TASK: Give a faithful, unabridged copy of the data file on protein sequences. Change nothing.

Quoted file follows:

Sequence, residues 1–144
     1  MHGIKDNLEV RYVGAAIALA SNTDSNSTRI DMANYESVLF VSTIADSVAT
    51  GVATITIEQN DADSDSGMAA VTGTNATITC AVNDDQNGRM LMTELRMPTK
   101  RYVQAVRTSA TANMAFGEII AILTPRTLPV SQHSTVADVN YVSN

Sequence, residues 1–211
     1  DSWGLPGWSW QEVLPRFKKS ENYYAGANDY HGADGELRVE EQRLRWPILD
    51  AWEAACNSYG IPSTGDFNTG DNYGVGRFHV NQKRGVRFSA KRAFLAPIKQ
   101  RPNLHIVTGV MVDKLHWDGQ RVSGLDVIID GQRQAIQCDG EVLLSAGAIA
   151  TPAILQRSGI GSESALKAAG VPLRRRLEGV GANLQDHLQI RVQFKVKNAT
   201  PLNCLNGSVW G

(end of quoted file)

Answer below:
Sequence, residues 1–144
     1  MHGIKDNLEV RYVGAAIALA SNTDSNSTRI DMANYESVLF VSTIADSVAT
    51  GVATITIEQN DADSDSGMAA VTGTNATITC AVNDDQNGRM LMTELRMPTK
   101  RYVQAVRTSA TANMAFGEII AILTPRTLPV SQHSTVADVN YVSN

Sequence, residues 1–211
     1  DSWGLPGWSW QEVLPRFKKS ENYYAGANDY HGADGELRVE EQRLRWPILD
    51  AWEAACNSYG IPSTGDFNTG DNYGVGRFHV NQKRGVRFSA KRAFLAPIKQ
   101  RPNLHIVTGV MVDKLHWDGQ RVSGLDVIID GQRQAIQCDG EVLLSAGAIA
   151  TPAILQRSGI GSESALKAAG VPLRRRLEGV GANLQDHLQI RVQFKVKNAT
   201  PLNCLNGSVW G